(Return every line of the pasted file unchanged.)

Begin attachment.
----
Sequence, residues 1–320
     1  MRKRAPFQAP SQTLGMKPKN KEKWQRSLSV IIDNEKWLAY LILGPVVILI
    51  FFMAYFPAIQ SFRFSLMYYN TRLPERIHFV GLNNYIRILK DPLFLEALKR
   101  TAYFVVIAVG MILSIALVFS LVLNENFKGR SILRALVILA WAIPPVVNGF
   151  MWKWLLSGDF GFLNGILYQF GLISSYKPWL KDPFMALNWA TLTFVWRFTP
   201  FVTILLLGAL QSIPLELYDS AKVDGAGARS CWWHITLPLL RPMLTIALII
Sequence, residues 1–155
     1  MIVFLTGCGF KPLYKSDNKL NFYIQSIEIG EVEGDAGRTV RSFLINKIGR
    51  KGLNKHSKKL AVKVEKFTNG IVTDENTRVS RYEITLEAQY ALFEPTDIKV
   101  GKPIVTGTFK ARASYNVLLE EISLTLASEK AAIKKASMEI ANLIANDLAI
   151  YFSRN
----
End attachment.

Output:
Sequence, residues 1–320
     1  MRKRAPFQAP SQTLGMKPKN KEKWQRSLSV IIDNEKWLAY LILGPVVILI
    51  FFMAYFPAIQ SFRFSLMYYN TRLPERIHFV GLNNYIRILK DPLFLEALKR
   101  TAYFVVIAVG MILSIALVFS LVLNENFKGR SILRALVILA WAIPPVVNGF
   151  MWKWLLSGDF GFLNGILYQF GLISSYKPWL KDPFMALNWA TLTFVWRFTP
   201  FVTILLLGAL QSIPLELYDS AKVDGAGARS CWWHITLPLL RPMLTIALII
Sequence, residues 1–155
     1  MIVFLTGCGF KPLYKSDNKL NFYIQSIEIG EVEGDAGRTV RSFLINKIGR
    51  KGLNKHSKKL AVKVEKFTNG IVTDENTRVS RYEITLEAQY ALFEPTDIKV
   101  GKPIVTGTFK ARASYNVLLE EISLTLASEK AAIKKASMEI ANLIANDLAI
   151  YFSRN